The NCAER-CMCR study corroborates what affluent individuals such as Lakshmanan are saying.
Unlike other income groups, the rich actually end up spending only 40 per cent of their total expenditure on food, which is the least when compared to other income groups, such as the middle class's 42.5 per cent, the aspirers' 47.5 per cent and the deprived's 57.3 per cent (see chart: Distribution of Routine Expenditure). However, the amount in absolute terms would be higher, assuming that the rich would also be spending in proportion to their income.
On housing, the rich are not the highest scorers again: 4.7 per cent as compared to the middle class and aspirers’ 5.2 per cent each and the deprived's 4.2 per cent.
The rich, middle class and aspirers clearly realise the importance of education and its co-relation with income. Not surprisingly, as much as 8.8 per cent of the expenditure of the affluent is on education alone, while the same is 9.2 per cent in case of the middle class. Notably, it is as high as 8.1 per cent in the case of aspirers, which only indicates the importance they accord to a sound educational background. In contrast, the spending on education is just 5.7 per cent in case of the deprived.
The study says education attainment levels correspond directly with growth in income. The higher the level of education, the higher is the impact on income. For example, on households, where the chief earner has only primary-level education, the impact is 22 per cent. But, it is 264 per cent if the chief earner is a graduate and above (see chart: Education and Consumerism).
On clothing, durable goods and health, the rich are marginally higher in terms of percentage of expenditure than other income groups. On transportation, the affluent are marginally higher than the middle class and aspirers at 14.7 per cent to the latter's 13.5 per cent and 11.6 per cent, respectively.
There is also 13.8 per cent miscellaneous expenditure by rich households in comparison to 12.5 per cent of the middle class and 10.9 per cent of aspirers.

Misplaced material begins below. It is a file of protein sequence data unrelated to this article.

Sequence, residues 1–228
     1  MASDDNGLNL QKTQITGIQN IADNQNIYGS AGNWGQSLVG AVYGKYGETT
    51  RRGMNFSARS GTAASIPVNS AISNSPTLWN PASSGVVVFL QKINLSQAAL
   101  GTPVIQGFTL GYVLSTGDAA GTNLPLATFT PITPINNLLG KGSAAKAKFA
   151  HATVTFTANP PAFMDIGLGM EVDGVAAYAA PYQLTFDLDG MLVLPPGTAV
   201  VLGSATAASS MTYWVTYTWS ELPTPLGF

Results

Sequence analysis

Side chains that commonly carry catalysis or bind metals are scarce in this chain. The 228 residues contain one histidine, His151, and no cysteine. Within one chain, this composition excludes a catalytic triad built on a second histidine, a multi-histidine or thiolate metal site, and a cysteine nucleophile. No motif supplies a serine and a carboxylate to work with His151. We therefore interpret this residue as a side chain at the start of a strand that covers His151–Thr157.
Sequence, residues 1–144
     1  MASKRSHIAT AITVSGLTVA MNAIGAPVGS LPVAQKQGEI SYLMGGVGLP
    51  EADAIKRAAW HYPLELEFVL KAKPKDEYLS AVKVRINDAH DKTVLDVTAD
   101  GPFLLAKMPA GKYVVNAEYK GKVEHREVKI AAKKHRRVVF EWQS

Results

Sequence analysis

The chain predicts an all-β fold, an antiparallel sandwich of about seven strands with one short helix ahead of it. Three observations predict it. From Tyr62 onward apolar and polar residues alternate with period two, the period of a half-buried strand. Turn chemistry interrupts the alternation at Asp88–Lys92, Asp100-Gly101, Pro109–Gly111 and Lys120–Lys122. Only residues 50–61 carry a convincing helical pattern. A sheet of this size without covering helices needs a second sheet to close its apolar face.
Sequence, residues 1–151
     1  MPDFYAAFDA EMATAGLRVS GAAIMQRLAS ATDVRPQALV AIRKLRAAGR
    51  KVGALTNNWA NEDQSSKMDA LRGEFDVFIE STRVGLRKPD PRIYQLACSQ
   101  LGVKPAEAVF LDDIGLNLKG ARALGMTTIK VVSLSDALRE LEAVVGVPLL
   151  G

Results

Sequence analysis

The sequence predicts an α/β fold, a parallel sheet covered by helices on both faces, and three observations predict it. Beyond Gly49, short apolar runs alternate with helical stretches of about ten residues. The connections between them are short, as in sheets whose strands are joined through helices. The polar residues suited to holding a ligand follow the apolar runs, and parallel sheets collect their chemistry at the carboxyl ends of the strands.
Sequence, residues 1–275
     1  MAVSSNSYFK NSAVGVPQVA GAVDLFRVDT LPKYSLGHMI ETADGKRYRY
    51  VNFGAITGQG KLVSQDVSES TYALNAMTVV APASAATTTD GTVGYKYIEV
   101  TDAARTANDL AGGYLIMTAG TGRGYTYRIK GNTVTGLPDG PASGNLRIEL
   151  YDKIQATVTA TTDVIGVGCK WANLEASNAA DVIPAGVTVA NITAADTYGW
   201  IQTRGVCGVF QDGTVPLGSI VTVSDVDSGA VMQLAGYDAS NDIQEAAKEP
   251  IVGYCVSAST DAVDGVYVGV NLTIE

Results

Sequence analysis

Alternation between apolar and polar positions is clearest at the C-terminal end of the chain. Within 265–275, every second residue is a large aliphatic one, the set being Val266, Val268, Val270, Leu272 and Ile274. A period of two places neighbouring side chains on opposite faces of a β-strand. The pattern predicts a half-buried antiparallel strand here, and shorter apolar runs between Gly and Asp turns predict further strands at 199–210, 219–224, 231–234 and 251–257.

Whilst NCAER does not spell out what this miscellaneous expenditure is, independent analysts estimate it could include expenditure on entertainment and leisure.
According to a 2011 study of the affluent by French market research major IPSOS, affluent Indians have a higher penetration of gadgets and gizmos: 61 per cent own a mobile phone and 18 per cent own a smartphone, 36.7 per cent own a desktop computer, while laptop & notebook ownership was found to be significant at 35 per cent. Handheld devices, palmtops and personal digital assistant (PDA) penetration is low at 5.7 per cent.
This study called the IPSOS PAX (Pan Asia Cross) Survey was done after speaking to 3,108 affluent Indians. The study covers close to 15 million of the elite, business executives and top management across 11 markets in the Asian region.
IPSOS India's managing director Mick Gordon says, "Music-loving, affluent, urban Indians have a significantly higher penetration of MP3 players (26.8 per cent) and MP4 players (14.8 per cent). 55.2 per cent of affluent Indians also have access to the Internet, while these individuals take at least one leisure trip and one overseas business trip a year."
This point is corroborated by 29-year-old Manka Mishra, a communications professional based in Delhi. She lives with her husband, aged 33, who is a vice-president with a well-known company, his parents, both of whom are senior citizens, and an unmarried brother-in-law, aged 30. Their total household income, given that at least three people are working, is Rs 30 lakh. Mishra says that half of this income (or Rs 15 lakh) goes towards travelling, entertainment, leisure trips and shopping.